The system coupling module of the commercial software ANSYS (ANSYS Inc.) was used to model the interactions between the aortic wall and blood flow. The governing equations consisted of the momentum and continuity equations in their arbitrary Lagrangian Eulerian (ALE) forms for the fluid domain (i.e., blood) and the momentum equation for the structure (i.e., aortic wall), as previously described [23] . Those equations were solved along with three coupling conditions enforcing continuity of displacements, continuity of velocities (no-slip) and compatibility of traction at the fluid-structure interface. The Navier-Stokes and continuity equations were solved using a finite volume method in ANSYS Fluent. The implicit flow solver used a second-order upwind spatial discretization scheme and a second-order temporal discretization scheme. The convergence criterion for the continuity and momentum equations was set at 10−6. The structural solver employed an implicit direct displacement-based finite element method in ANSYS Mechanical. The system of equations was solved using the sparse direct solver and the equilibrium equations were solved by the Newton-Raphson method. The convergence criterion was determined by multiplying the reference value determined by ANSYS based on external forces by a tolerance of 0.5%. All simulations were carried out over three cardiac cycles to achieve temporal convergence and all results were extracted from the last cycle. The aortic wall and lumen were meshed with quad/tri elements. A mesh sensitivity analysis was performed to determine an appropriate mesh density for the fluid domain. This analysis was conducted on the TAV AA geometry and consisted of quantifying the convergence of the time- averaged WSS predicted over the entire aortic wall under increasing mesh density. The initial coarse mesh was based on a maximum element size of 1.3 mm and consisted of 194,821 elements. The progressive decrease of the maximum element size by 8%, 23%, 38% and 54% produced a 12%, 20%, 22% and 22% increase, respectively, in the time-averaged WSS predicted over the entire aortic wall relative to the value obtained with the initial mesh. The second mesh refinement, which generated less than 2% change in time-averaged WSS relative to the finest grid tested, was considered sufficiently resolved to capture the flow in all AA models. The final computational grid consisted of 98,625 elements in the structural domain and 368,149 in the fluid domain, which permitted to achieve a spatial resolution of 100 μm in the fluid domain near the aortic wall. Each simulation required 30 hours of computing time on a Dell Precision T7500 workstation (dual quad-core 3.20 GHz Intel Xeon processors, 48 GB DDR3 SDRAM).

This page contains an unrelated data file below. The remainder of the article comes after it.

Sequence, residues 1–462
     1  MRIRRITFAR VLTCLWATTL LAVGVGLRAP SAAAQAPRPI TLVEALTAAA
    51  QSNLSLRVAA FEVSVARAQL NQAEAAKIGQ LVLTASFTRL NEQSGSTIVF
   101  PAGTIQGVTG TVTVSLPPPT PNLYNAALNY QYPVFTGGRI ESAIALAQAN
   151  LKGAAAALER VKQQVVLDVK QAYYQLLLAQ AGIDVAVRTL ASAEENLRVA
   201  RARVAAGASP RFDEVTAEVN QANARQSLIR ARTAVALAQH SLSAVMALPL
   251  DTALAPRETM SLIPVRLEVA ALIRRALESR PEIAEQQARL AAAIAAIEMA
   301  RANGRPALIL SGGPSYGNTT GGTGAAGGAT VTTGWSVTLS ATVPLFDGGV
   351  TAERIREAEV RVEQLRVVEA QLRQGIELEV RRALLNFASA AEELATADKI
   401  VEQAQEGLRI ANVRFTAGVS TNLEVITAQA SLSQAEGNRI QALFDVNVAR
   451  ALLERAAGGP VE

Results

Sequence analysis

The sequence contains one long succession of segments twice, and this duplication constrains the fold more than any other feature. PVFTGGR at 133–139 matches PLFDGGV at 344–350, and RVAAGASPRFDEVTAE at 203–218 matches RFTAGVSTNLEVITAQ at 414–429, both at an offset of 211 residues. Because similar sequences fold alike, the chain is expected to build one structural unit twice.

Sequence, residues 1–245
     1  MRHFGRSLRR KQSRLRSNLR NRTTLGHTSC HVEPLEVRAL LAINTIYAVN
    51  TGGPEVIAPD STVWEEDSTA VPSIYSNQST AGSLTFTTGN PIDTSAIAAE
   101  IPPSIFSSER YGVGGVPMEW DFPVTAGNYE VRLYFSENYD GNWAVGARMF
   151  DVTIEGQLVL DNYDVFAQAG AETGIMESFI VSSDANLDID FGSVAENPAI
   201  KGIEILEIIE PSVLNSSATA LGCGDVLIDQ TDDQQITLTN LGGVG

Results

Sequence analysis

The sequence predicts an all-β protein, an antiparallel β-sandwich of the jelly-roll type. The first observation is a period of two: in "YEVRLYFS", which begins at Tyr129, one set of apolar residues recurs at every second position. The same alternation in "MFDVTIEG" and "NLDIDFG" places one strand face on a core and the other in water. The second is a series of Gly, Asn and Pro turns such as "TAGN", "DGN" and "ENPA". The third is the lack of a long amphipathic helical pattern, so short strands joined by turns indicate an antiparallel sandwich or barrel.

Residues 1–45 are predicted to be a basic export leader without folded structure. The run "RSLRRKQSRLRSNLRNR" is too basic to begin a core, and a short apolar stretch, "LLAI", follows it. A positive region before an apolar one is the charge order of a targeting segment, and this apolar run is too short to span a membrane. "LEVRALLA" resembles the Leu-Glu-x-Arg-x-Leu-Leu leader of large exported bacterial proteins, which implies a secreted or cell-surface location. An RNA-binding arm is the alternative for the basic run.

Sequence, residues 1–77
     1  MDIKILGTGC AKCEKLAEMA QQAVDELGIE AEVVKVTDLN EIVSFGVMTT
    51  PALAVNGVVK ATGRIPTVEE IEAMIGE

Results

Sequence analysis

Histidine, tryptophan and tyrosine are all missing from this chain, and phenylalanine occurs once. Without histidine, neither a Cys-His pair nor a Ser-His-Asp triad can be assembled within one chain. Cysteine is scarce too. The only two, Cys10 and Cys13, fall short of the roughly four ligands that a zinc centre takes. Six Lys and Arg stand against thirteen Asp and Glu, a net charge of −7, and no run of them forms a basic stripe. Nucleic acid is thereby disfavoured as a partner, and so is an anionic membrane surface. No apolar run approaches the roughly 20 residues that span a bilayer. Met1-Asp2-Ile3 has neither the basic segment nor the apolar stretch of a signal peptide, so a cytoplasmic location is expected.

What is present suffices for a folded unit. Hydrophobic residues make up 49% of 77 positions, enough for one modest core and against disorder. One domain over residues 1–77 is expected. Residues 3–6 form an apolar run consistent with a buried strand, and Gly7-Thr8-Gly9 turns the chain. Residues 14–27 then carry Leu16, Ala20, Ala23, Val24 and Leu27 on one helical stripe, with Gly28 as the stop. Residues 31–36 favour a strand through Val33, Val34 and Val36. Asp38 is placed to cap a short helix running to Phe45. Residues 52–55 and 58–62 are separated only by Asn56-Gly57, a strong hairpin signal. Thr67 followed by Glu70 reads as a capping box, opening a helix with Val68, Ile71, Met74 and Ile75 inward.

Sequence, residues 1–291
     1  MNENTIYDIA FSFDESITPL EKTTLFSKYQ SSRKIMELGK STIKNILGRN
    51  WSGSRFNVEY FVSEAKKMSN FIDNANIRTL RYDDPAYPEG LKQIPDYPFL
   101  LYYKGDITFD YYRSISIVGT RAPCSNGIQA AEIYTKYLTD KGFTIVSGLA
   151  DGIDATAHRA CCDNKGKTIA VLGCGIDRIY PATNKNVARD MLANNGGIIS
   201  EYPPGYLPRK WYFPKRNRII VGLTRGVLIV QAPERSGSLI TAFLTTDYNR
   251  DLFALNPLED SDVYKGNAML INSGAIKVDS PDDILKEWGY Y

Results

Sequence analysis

2.4. Flow and WSS Characterization